Wednesday, June 15, 2011

Portal 2 Review


As you probably know by now, the original Portal was a surprise hit. The game managed to get a lot of publicity after being bundled with the awesome Orange Box compilation. Valve has built a bit of a reputation when it comes to hiring promising developers; Counter-Strike, Team Fortress 2 and Left 4 Dead are examples of smash-hits thanks to Valve financing the brains behind the projects. Portal was no exception as it was developed by students at the DigiPen Institute of Technology. Many of the ideas were borrowed off their game project called Narbacular Drop.

Anyway history lesson aside, I very much enjoyed the original Portal, and I wasn't the only one. It was critically acclaimed and has a Metacritic rating of 90%. So it's no surprise that I jumped on the bandwagon to get a copy of Portal 2.

I noticed when buying Portal 2 that it was more expensive than its predecessor which meant I already had the expectation that the game had to work harder, better, faster and stronger for my money. This wouldn't be an easy task considering how successful the first Portal was.

Sound (4/5)
Voice acting wasn't really a challenge in the original Portal, I mean GLaDOS uses a synthesised voice after all. It's a robot, and in sci-fi, robots are meant to sound imperfect. They're meant to sound like Dr Sbaitso, by Creative Labs (PLEASE ENTER YOUR NAME).

However, in this iteration Wheatley (who is also a robot) bucks the trend and has a very human sounding voice provided by British comedian, Stephen Merchant. You also get to hear the voice of J.K. Simmons, acting the role of Cave Johnson, original founder of Aperture Science. Both are welcome additions and they perform their parts well.

As there isn't that much music during the levels (as is the case in the Half-Life games) background noises become important to immerse you in the environment. Portal 2 manages to achieve this with the distant creaking of dilapidated platforms, the whirring of motors and whooshing steam all being present when you expect them to be.

The only thing I can criticise about the audio is the usual sound stuttering problems that some people get (including myself) when playing Source games. They're pretty rare, but they do happen occasionally.

Music (5/5)
I was tempted to give a 4 for Music since the game is actually lacking quite a bit of it, but penalising a game because it doesn't have a lot of music even when it's not required, is probably not right. Playing music sparingly can in itself be the right thing to do for a game. This is the case for Portal 2.

One interesting gimmick with the music is that it's generated procedurally. e.g. when you start jumping on bouncy gel, the notes are generated in time with the bouncing. This means the music in the game is directly related to whatever actions you are performing. Pretty choice!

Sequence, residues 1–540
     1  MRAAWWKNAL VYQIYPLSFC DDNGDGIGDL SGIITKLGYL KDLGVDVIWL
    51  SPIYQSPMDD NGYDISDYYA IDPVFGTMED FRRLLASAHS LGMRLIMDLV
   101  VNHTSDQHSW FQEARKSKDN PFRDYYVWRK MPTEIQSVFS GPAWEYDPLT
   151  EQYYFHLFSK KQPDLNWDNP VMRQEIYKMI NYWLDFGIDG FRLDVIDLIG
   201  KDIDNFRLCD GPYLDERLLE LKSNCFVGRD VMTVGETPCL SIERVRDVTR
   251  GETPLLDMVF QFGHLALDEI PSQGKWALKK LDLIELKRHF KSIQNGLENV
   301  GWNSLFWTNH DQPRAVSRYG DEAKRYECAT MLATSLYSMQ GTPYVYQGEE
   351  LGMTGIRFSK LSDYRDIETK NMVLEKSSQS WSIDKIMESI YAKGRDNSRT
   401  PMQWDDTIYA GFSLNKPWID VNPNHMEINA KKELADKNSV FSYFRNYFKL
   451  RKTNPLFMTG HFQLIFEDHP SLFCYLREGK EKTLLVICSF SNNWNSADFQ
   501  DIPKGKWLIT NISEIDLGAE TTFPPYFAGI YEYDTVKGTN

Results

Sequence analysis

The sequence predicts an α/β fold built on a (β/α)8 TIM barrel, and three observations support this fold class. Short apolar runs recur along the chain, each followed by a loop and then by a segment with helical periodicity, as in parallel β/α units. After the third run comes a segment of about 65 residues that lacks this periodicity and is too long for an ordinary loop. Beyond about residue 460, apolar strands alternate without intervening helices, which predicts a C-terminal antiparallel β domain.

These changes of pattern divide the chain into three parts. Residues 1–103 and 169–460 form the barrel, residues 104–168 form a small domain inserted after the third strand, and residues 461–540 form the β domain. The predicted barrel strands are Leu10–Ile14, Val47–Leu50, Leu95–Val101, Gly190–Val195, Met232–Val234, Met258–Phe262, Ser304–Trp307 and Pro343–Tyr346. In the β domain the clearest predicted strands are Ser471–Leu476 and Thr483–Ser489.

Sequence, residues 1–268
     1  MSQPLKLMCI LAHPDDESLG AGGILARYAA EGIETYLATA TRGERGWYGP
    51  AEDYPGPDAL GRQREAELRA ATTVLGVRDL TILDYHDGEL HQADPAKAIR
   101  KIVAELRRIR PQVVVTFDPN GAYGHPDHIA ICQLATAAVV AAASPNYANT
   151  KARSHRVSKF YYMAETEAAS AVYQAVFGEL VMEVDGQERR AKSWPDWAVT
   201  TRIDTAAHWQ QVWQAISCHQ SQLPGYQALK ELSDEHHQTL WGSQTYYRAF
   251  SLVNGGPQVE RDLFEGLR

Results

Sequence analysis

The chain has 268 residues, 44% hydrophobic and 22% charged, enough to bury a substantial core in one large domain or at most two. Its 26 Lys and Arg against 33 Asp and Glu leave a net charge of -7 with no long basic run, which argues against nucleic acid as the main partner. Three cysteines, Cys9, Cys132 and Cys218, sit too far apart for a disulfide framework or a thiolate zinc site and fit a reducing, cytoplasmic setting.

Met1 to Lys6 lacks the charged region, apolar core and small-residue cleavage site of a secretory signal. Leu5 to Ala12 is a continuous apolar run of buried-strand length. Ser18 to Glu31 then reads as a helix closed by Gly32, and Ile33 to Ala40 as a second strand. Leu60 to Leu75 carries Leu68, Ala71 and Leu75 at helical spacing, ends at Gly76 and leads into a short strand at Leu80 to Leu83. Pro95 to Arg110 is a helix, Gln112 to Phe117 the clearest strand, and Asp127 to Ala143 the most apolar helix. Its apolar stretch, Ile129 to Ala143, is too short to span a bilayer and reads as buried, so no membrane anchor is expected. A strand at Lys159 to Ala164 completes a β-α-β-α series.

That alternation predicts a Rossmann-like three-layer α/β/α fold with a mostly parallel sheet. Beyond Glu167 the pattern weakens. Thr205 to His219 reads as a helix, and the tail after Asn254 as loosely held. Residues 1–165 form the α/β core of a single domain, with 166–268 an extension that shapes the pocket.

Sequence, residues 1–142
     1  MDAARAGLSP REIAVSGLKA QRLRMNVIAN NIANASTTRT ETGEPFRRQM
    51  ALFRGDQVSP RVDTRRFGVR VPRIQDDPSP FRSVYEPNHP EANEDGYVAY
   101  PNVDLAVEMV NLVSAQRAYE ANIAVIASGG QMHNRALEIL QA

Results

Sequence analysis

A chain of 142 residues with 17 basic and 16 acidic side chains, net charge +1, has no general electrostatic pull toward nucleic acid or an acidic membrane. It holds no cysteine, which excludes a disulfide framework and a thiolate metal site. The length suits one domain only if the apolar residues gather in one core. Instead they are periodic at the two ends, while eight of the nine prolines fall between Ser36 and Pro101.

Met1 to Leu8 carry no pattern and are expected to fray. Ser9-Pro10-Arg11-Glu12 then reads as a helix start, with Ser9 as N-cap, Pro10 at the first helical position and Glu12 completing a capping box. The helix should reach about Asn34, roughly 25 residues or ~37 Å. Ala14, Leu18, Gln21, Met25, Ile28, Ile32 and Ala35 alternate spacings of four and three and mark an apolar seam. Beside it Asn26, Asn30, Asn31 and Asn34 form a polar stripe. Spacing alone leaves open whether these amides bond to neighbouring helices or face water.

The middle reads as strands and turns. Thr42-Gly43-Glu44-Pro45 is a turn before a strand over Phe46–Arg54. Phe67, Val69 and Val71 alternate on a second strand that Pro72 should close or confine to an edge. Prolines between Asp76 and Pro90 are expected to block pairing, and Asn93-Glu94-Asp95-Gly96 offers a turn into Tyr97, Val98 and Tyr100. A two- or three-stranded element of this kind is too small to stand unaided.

Oh, and the game wouldn't be a Portal game without a hilarious credits song sung by GLaDOS. Fans of the original will be glad to know this is the case :).


Graphics (3/5)
The graphics haven't improved that much from the original, but it's still a decent enough engine to play on.

Plot (5/5)
Not only is the scriptwriting funny like the original, you also get to learn a lot of the background story.

In Portal 2, you return as Chell, the female silent protagonist from the original. The Aperture Science facility has fallen apart and is now overrun by nature. Plants are starting to grow through their cracks and everything is in disrepair. A robot known as Wheatley wakes you up and tries to help you escape the facility. However, in doing so he inadvertently wakes up GLaDOS which of course means more testing for the unlucky Chell!

The game will take you to the deepest depths of the Aperture Science facility where you'll learn about the company's history and how GLaDOS came to be.


Gameplay (5/5)
This is a really fun game to play. Just like the original, the game will have you progressing from room to room solving puzzles with a mixture of portal creation and timing. However, instead of just rehashing the gameplay in the original, they've improved on the formula by adding some new elements to the puzzles. A list of them are provided below:


- Bouncy blue gel (gel that makes you jump higher)

- Orange speed gel (gel that makes you run faster)

- White Portal Gel (gel that allows you to create portals wherever it lies)

- Bridges (energy bridges that can be used either as walls or as a means of crossing chasms)

- Artificial gravity tube thingies (these can be used to transport you or other objects, even gel, from one side to another)


Anyway, there's lots of new stuff to play with and the game is much longer than the original too - but you'd expect that considering it does cost more.

Replayability (4/5)
Both campaigns are pretty linear so there's not going to be much difference in a second playthrough, although there are achievements to strive for.

One of the big new features however is that there is two player co-op with Portal 2. Not only that, it's an entirely different campaign to the single player with puzzles especially tailored for cooperative play (i.e. if you don't work as a team, you're not going to get past the level). The multiplayer campaign complements the single player campaign so you actually learn more about the world that Portal 2 is set in by completing it.


Polish (5/5)
The game is pretty well polished, besides the occasional sound stuttering issue (which I've always had a problem with Source games) - however, I've already penalised the game in the sound section of the review :).

Score - 9/10

It seems impossible but Portal 2 is harder, better, faster and stronger than the original.

If you want to get the game, grab it off Steam.

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